Northern Grampians Shire Council's 2019-20 budget was passed at a meeting at St Arnaud on Monday, but just barely.
The motion to adopt the budget, which had not changed since its draft form was released in May, narrowly passed, with mayor Kevin Erwin and councillors Tony Driscoll, Merrilee Reid and Karen Hyslop voting in favour to adopt it.
Cr Hyslop moved the motion and said five community members provided feedback about the draft budget.
"I'd like to thank those in the community who took an interest in viewing both documents and then providing comment," Cr Erwin said.
"We now look forward to delivering the budget and continue to be guided by our revised council plan."
Cr Driscoll said he was happy with the budget council put together.
"To produce a budget is an arduous process but we have done our best to be fair and equitable in what is a challenging model," he said.
"There are exciting things on the horizon for this council so hopefully this budget can continue to help us move forward."
Crs Jason Hosemans, Murray Emerson and Rob Haswell voted against the budget motion.
Cr Hosemans referenced rates as a key motive behind his decision to vote against the adoption of the budget.
"Our rates are too high, they have been a constant cause for concern," he said.
"They are much higher than our metropolitan counterparts, with house prices out this way worth half compared to a similar house in Melbourne.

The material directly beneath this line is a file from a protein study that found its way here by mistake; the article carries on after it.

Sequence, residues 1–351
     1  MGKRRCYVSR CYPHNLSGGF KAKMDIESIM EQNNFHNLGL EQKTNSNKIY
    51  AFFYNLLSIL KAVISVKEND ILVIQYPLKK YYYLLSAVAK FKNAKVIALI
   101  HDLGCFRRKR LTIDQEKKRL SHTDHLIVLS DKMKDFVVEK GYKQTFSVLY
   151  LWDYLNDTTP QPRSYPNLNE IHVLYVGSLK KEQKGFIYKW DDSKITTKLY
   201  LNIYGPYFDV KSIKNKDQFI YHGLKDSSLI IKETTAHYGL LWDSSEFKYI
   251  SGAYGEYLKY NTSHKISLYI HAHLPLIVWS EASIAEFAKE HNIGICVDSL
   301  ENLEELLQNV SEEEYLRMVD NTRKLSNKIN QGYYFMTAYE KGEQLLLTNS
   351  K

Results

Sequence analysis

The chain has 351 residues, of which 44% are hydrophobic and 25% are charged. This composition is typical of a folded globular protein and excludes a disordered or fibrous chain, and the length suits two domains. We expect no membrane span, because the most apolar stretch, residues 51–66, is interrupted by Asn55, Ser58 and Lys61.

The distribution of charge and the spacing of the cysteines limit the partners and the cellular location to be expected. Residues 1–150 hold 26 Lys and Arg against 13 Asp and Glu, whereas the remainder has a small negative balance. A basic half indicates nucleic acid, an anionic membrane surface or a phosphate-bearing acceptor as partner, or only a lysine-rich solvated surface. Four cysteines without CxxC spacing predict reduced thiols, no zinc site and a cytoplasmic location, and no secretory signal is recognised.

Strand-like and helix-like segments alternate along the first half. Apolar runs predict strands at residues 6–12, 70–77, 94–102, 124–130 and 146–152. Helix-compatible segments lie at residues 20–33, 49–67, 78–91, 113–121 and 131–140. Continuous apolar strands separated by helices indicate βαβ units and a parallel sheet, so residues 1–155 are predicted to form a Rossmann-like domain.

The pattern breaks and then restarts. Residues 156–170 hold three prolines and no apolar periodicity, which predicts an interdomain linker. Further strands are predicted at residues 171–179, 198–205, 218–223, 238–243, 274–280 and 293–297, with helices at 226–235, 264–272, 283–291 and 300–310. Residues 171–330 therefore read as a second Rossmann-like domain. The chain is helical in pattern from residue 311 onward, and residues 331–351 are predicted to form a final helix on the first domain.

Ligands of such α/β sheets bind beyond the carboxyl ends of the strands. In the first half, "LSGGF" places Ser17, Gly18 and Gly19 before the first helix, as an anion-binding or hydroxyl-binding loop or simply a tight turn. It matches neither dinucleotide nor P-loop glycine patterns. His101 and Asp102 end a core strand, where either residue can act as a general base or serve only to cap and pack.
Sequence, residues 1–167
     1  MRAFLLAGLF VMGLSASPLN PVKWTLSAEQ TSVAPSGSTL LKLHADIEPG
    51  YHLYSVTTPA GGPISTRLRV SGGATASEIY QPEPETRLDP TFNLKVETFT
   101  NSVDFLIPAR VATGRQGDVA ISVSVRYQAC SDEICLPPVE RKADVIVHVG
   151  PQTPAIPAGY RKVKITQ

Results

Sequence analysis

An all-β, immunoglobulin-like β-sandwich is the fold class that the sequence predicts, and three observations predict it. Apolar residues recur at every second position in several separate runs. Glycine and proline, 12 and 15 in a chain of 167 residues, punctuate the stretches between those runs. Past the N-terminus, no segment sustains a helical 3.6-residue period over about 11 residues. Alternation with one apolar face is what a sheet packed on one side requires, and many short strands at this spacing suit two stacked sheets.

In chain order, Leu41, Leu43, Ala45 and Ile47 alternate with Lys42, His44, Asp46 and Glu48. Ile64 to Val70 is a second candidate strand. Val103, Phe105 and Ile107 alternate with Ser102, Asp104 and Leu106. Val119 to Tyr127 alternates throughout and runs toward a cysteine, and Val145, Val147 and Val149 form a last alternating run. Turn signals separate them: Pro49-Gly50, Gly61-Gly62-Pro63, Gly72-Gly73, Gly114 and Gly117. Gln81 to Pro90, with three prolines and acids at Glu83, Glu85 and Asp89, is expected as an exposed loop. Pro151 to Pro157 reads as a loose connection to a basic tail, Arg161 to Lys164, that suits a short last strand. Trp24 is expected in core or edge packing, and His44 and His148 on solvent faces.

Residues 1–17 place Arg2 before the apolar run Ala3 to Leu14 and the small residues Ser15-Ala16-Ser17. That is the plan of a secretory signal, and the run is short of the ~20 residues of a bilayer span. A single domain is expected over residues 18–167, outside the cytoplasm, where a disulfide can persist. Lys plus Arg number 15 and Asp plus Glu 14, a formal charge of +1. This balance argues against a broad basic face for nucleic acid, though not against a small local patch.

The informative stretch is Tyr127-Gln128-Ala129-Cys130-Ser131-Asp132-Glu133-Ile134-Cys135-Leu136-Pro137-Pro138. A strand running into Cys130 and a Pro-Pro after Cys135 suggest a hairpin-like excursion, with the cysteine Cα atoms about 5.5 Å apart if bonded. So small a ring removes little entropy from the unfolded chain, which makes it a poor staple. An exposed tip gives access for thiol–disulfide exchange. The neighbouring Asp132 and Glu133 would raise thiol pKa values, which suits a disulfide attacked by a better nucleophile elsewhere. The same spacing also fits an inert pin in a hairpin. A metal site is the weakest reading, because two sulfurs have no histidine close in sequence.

"The only way for this system to be fair is to have a uniform rate system across the state. Here in rural and regional Victoria we have been treated as second class citizens far too often."
Cr Hosemans also referenced the disparity between infrastructure spending in rural areas, taking aim at state and federal governments.
"25 per cent of this state's population lives in rural areas yet we only get about 4 per cent of infrastructure spending. It is not fair or justifiable at all," he said.
"Both the state and federal governments seem unwilling to do anything about it.
"In this budget we have about a $4 million shortfall in infrastructure spending and sooner or later it will catch up with us. The shire's infrastructure will be falling apart around our ears.
"And that shortfall is difficult to be covered by us. We would have to raise rates by about 25 per cent which wouldn't go down well at all."
Cr Hosemans also gave a third reason for voting against the motion, making mention to the farmers differential discount.
"I was hoping to have the discount drop from 53 to 50 per cent, which isn't a huge amount, just something that could start the process of what is a big issue," he said.
"I think 53 per cent is exorbitant. It jumped from 35 to 53 per cent at the last budget which was a huge jump. I think it is unfair on other ratepayers."
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Cr Hosemans attempted to move an amendment to the motion to reduce the discount but Cr Erwin did not allow it.
The south-west ward councillor said while he knew the budget would pass, he wanted to make his grievances about the current situation heard.
"People in rural areas are being treated unfairly. We are effectively being taxed extra for living out here and get less in return from levels above us," Cr Hosemans said.
"We currently can't pass a budget until approved by the state government, like all councils. It is up to them to set a uniform rate in the dollar so everyone is treated equally across the state."
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